It is good to have some of Professor Walzer’s essays and reviews of the past fifteen years in one book. There are some masterly essays and taken together they constitute an impressive picture of a sharp, well-balanced mind. Walzer is a man of the moderate left, a democrat first, then a socialist, ironical about what is modish in the salons of the left, cautious about radical solutions to complex problems. If I may use European categories to say summarily how he strikes me, I will say he is a Manchester Guardian man (I mean that newspaper from the days of C.P. Scott to those of A.P. Wadsworth in the Fifties, not its successor); but I must add that he is thoroughly an American who finds the good society best outlined in Whitman’s “Song of the Broad-Axe.” I’m not sure that everything here reprinted quite deserves such prestige. “Watergate without the President” is a bit thin, and “A Day in the Life of a Socialist Citizen” contains a good idea but needs to be worked up a bit. In “A Theory of Revolution” he seems to me to be too hospitable to the mythologies, disguised as analyses, of the Bolshevik leaders, especially Trotsky, and although he says some good critical things about Lenin’s What Is to Be Done?, I think he misses the fundamentally Blanquist character of Bolshevism. The Mensheviks, to whom history has been so unforgiving, were acute students of Russian society and of Bolshevism in the years of its growth, and they never had any doubt about Lenin’s Blanquism. I hope Walzer will give us a good book on revolution.

Walzer’s difficulties as a social democrat in the United States come out most clearly in two essays: “Dissatisfaction in the Welfare State” and “The New Left and the Old.” It is easier, in the United States, to see that the welfare state is the work of liberalism rather than socialism, for social democrats, as a group, have never become a national political force. This doesn’t mean that they have had no political influence but such influence has been exercised within the major parties, or at times locally, as once in Wisconsin. In Europe the presence within parliament, and sometimes in government, of socialist parties makes it look as though the development of the concepts and practices that characterize the welfare state is the work of the socialist parties. Of course, it is so in large part, though it has to be noted that in Britain and Germany the basic structure of welfare was formed well before the social democratic parties became influential. But in developing the structure of welfare the social democrats have been acting, so Walzer believes, from liberal presuppositions that emphasize personal rights.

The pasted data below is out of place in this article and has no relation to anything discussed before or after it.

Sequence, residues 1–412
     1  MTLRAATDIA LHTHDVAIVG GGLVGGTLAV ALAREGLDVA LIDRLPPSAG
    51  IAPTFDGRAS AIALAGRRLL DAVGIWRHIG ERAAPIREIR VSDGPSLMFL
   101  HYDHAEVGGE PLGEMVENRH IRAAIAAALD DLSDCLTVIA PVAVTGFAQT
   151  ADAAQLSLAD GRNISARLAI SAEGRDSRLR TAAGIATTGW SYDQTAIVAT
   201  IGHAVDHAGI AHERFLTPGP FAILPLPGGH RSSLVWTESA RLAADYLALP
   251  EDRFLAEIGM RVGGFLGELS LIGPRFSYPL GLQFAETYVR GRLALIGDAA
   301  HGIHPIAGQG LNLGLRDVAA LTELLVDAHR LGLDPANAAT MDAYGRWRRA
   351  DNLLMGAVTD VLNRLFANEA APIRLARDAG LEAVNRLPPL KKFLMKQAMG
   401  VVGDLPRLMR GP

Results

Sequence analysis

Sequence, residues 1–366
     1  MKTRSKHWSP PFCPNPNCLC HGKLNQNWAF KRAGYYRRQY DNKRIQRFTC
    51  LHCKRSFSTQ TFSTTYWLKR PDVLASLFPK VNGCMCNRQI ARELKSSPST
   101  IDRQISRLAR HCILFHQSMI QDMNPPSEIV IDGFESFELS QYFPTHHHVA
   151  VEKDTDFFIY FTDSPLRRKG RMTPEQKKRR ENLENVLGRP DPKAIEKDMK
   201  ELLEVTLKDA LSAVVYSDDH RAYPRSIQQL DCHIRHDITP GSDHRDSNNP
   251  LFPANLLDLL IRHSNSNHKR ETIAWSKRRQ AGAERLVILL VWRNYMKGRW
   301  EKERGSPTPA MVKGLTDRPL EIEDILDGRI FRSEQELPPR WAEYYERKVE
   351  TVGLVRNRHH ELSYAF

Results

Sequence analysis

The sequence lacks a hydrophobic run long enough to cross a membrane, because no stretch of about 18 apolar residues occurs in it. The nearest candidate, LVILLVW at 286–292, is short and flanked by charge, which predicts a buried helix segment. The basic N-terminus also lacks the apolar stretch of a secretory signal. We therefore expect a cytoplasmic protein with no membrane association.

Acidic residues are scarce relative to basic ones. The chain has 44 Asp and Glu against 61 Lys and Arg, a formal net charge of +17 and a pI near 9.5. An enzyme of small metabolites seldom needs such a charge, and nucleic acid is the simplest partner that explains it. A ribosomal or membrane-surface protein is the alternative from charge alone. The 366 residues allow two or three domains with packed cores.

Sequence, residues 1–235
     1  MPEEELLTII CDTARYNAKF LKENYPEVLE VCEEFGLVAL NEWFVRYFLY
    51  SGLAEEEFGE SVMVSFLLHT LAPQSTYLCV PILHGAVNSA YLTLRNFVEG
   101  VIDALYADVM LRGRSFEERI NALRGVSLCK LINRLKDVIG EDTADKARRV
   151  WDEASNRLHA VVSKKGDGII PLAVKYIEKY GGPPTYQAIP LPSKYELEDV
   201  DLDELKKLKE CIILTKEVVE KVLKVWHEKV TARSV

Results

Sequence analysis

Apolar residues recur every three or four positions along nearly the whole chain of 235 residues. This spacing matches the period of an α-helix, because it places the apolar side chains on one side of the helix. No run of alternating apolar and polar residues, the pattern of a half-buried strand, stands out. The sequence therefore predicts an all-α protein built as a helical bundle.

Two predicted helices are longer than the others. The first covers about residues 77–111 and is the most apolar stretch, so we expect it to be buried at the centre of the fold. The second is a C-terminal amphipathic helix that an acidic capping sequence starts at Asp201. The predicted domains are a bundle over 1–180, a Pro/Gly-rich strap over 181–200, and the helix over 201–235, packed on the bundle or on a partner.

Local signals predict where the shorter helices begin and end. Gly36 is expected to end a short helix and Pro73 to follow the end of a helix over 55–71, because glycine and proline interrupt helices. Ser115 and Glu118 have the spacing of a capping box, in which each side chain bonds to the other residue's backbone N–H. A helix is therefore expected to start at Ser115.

The intention of welfare is to enable citizens to live their private lives in comfort and without anxiety. But this, together with the growth of a bureaucracy to administer the social services, has a depoliticizing effect. The citizen is better adjusted to his private life; and what was formerly a matter of politics, in the struggle to achieve this or that reform or benefit, is swallowed up in administration. In such circumstances “the problems of political communion, the sharing of a common life, are carefully avoided.” Further, the growth of a vast bureaucracy, a growth that to some extent goes on independently of the needs the bureaucracy exists to meet, strengthens the power of the state; and it reduces politics to a spectacle for passive onlookers, as in the conventions that precede a presidential election and in the election itself. Occasionally particular groups with an autonomous political life—blacks, students, enraged groups of the lower middle class—will capture a suburb, or, for a few heady moments (the Eugene McCarthy candidacy is a striking recent example) will seem to threaten the metropolis itself; but such attempts are soon digested by the established order.